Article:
More articles and letters on POLARD
July 29, 1996.
President Bill Clinton's decision on Friday to reject Jonathan Pollard's appeal for clemency was a poorly-timed and ill-advised act which raises serious questions not only about the American system of justice, but also about the American president and his relationship with the Jewish community.
On the surface, the Pollard case would appear to be open and shut. While serving as a US naval intelligence analyst, Pollard passed along classified information to Israel. He was captured after being turned away by the Israeli Embassy in Washington, convicted and sentenced to life in prison. Given the vast amount of material that Pollard reportedly gave his handlers, as well as its sensitive nature, one could be forgiven for assuming that justice was served in this instance. Yet, even a cursory examination of the circumstances surrounding the case reveals that Pollard has fallen victim to what can only be described as an act of arbitrary injustice. In receiving a life sentence, Pollard was punished far more harshly than others caught spying for friendly nations by American officials.
In the past 12 years, 11 such men and women have been convicted in the US for spying. Most received sentences ranging from two to four years. Only Steven Salas, convicted and sentenced to 14 years in 1993 for spying for Greece, received more than 10 years in prison. Since both Israel and Greece are close allies of the US, it is inexplicable that Pollard was singled out for such a harsh sentence, while others received relative leniency. Indeed, at no time in American history has anyone convicted of spying for a friendly nation received a life sentence. Pollard's life sentence is the equivalent of that which was given to Aldrich Ames, the central figure in one of the worst cases of treason in American history. Ames, who was a senior CIA officer, passed along information to the Soviet Union for years, right under the noses of his superiors. He exposed American agents in the USSR, leading to the capture and execution of at least 10 people, and significantly weakened the ability of the US to gather information against its Cold War rival.
By contrast, Pollard spied for a US ally and is not known to have caused any direct harm to US agents. It defies both explanation and justice that a similar sentence would be meted out to these two men. Adding to the sense of unfairness is the fact that Pollard agreed to plead guilty and waive a trial in exchange for a promise from the US Justice Department that it would ask for no more than "a substantial sentence," it being understood that Pollard would not receive life in prison. In effect, the government ignored the terms of the deal and sent Pollard away for life. Moreover, as American columnist Sidney Zion has pointed out, Pollard's sentence was based largely on disinformation spread by Ames, who tried to cover his own tracks by laying the blame on Pollard for the capture of US agents in the USSR.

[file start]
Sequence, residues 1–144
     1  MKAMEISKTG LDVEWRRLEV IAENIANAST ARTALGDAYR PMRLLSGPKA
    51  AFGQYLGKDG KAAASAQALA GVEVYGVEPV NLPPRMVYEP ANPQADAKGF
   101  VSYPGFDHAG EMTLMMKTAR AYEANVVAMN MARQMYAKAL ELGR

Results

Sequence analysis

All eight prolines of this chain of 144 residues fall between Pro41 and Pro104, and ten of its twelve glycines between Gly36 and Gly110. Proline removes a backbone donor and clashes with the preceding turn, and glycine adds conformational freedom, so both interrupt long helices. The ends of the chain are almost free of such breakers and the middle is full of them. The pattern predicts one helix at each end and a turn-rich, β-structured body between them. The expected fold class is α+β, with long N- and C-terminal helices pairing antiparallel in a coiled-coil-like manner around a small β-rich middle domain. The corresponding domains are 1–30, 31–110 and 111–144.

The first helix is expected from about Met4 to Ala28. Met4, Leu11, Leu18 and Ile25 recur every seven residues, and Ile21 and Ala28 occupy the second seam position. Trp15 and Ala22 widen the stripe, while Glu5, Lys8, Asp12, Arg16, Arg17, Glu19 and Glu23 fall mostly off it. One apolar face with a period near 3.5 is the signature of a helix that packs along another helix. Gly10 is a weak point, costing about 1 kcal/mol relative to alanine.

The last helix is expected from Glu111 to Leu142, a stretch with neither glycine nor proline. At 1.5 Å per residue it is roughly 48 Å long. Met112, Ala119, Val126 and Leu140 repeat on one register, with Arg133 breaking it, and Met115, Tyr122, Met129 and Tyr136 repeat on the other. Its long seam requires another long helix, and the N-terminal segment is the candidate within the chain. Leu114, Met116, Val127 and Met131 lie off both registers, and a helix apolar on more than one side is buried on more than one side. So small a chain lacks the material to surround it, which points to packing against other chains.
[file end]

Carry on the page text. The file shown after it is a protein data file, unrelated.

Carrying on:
Even now that the truth has come out, the US intelligence community refuses to admit its error, and Pollard languishes in prison as a result. That Clinton chose to ignore the circumstances of Pollard's case is troubling, though not surprising. President George Bush also rejected Pollard's plea. But the manner in which Clinton chose to publicize his rejection of the appeal is worrisome. While his spokesman was making the announcement to reporters, Clinton was meeting separately with American Jewish leaders, whom he failed to inform about the decision. Seymour Reich, head of the American Zionist Movement, even asked Clinton directly about Pollard, but failed to receive an answer.
This is the second time that Clinton has rejected an appeal from Pollard, and in both instances, the rejection coincided with Clinton's meetings with representatives of the Conference of Presidents of Major American Jewish Organizations. It is hard not to view such a pattern of events as nothing less than a slap in the face. Though Clinton has been one of Israel's warmest and closest friends in the White House, he would do well to rethink the manner in which the Pollard issue has been handled.
The facts that Clinton maintains a 17-point lead over presidential challenger Bob Dole, and that most American Jews are likely to support him in any event, do not mitigate the dire need to bring this sad story to an end. In explaining his rejection of Pollard's appeal, Clinton said that to shorten his sentence would be unwarranted and that it would undermine the goal of deterring others from committing similar acts. Such logic is flimsy at best, as the circumstances clearly indicate. The singling out of Pollard to serve as an example, while others receive a slap on the wrist, is ethically indefensible and judicially reprehensible. It behooves Prime Minister Binyamin Netanyahu to continue to pressure the United States on this subject. For over 10 years, Pollard has sat in jail, having spent more than half that time in solitary confinement. Pollard did the crime, and he has done the time. And now, he should be set free.
Editorial- Jerusalem Post 1996.